Is austerity – particularly the fiscal consolidation programmes currently under way in most European Union countries – self-defeating? This question has been thrown into sharp focus by the IMF’s belated reassessment of the magnitude of the “fiscal multiplier” in major industrialised countries during the Great Recession. New research from NIESR makes the first attempt – to our knowledge – to model the quantitative impact of coordinated fiscal consolidation across the EU, using the National Institute Global Econometric Model.
The main conclusion is that, while in “normal times”, fiscal consolidation would lead to a fall in debt-GDP ratios, in current circumstances, fiscal consolidation is indeed likely to be “self-defeating” for the EU collectively. As a result of the fiscal consolidation plans currently in train, debt ratios will be higher in 2013 in the EU as a whole rather than lower. This will also be true in almost all individual members states (including the UK, but with the exception of Ireland). Coordinated austerity in a depression is indeed self-defeating. The implication is that the current strategy being pursued by individual Member States, as well as the EU as a whole, is fundamentally flawed. Even on its own terms, it is making matters worse.
Why is fiscal consolidation so much more damaging now? Under normal circumstances a tightening in fiscal policy would also lead to a relaxation in monetary policy. However, with interest rates already at exceptionally low levels, this is unlikely or infeasible. Moreover, during a downturn, when unemployment is high and job security low, a greater percentage of households and firms are likely to find themselves liquidity constrained. Finally, with all countries consolidating simultaneously, output in each country is reduced not just by fiscal consolidation domestically, but by that in other countries, because of trade. In the EU, such spillover effects are likely to be large.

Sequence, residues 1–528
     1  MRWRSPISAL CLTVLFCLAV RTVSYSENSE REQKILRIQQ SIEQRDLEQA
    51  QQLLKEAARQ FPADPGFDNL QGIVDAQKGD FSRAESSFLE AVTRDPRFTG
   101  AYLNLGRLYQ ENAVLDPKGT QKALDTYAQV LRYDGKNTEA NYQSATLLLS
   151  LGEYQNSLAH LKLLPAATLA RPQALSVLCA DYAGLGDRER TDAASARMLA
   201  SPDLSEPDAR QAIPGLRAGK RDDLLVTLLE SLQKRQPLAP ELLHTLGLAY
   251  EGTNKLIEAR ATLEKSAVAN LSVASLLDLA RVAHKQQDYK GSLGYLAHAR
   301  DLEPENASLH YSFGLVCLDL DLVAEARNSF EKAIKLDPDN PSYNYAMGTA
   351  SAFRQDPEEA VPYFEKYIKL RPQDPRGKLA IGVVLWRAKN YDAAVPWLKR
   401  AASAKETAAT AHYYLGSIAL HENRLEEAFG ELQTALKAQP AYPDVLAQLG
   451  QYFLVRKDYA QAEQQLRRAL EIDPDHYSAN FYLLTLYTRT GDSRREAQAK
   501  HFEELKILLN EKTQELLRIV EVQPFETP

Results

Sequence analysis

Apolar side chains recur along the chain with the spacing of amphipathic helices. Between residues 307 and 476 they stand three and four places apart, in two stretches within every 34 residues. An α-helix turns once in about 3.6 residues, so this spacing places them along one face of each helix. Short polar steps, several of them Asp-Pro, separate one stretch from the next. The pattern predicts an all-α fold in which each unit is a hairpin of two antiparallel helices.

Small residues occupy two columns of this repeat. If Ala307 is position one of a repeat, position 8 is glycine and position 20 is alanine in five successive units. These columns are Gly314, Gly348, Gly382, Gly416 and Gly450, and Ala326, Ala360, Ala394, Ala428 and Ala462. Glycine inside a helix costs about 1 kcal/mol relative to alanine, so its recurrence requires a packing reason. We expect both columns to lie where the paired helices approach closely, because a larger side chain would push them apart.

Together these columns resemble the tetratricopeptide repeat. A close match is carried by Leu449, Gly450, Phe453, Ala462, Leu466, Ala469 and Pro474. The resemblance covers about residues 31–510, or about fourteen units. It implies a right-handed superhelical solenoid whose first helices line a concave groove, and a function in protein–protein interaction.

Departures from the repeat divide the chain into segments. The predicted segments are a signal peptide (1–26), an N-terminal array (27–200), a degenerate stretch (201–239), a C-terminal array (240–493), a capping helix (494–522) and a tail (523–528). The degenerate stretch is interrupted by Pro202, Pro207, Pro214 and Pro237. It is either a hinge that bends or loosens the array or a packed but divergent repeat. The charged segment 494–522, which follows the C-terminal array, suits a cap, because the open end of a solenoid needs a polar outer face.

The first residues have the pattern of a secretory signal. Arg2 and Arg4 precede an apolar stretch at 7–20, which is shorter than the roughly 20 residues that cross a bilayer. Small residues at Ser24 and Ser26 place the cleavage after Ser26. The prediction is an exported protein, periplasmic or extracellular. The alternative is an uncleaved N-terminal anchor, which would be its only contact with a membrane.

Taking account of these factors makes a large difference to estimates of the impact of the actual fiscal programmes announced and enacted for 2011-13 in the EU. The chart below shows the impact of fiscal consolidation on debt-GDP ratios; scenario 1 shows the impact in “normal” times, while scenario 2 shows the impact under assumptions we consider more realistic in current conditions.
The negative impacts of fiscal consolidation on growth in the second scenario are much larger than in “normal” times; and the result of this in turn is that fiscal consolidation increases rather than reduces the debt-GDP ratio in every country except Ireland. In both the UK and the euro area as a whole, the result of coordinated fiscal consolidation is a rise in the debt-GDP ratio of approximately five percentage points.
Of course, one argument frequently advanced in support of fiscal consolidation programmes is that they will reduce government borrowing premia in countries with high debt and deficits. But these simulations show that the opposite may in fact be the case: if we were to allow for feedback from the government debt ratio to government borrowing premia, this would in fact raise interest rates, exacerbate the negative effects on output, and in turn make debt-GDP ratios even worse; truly a “death spiral” .
The direct implication is that the policies pursued by EU countries over the recent past have had perverse and damaging effects. Our simulations suggest that coordinated fiscal consolidation has not only had substantially larger negative impacts on growth than expected, but has actually had the effect of raising rather than lowering debt-GDP ratios, precisely as some critics have argued. Not only would growth have been higher if such policies had not been pursued, but debt-GDP ratios would have been lower.
It is particularly ironic that, given that the EU was set up in part to avoid precisely such “Prisoners’ Dilemma” type problems in economic policy coordination, it should currently be doing exactly the opposite.
My Guardian article on this is here. The paper on which it is based, “Self-defeating austerity?” (Dawn Holland and Jonathan Portes, National Institute Economic Review, no. 222, October 2012), will be published on Thursday 1 November.
This post was first published on Not the Treasury view